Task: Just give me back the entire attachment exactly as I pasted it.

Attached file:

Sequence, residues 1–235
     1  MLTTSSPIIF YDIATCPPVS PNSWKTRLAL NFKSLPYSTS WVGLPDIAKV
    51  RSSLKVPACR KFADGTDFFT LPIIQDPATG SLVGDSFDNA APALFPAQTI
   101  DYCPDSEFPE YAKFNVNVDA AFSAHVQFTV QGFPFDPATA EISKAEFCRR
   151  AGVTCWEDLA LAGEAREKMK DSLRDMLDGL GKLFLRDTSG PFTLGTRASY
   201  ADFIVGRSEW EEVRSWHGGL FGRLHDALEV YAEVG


Sequence, residues 1–235
     1  MLTTSSPIIF YDIATCPPVS PNSWKTRLAL NFKSLPYSTS WVGLPDIAKV
    51  RSSLKVPACR KFADGTDFFT LPIIQDPATG SLVGDSFDNA APALFPAQTI
   101  DYCPDSEFPE YAKFNVNVDA AFSAHVQFTV QGFPFDPATA EISKAEFCRR
   151  AGVTCWEDLA LAGEAREKMK DSLRDMLDGL GKLFLRDTSG PFTLGTRASY
   201  ADFIVGRSEW EEVRSWHGGL FGRLHDALEV YAEVG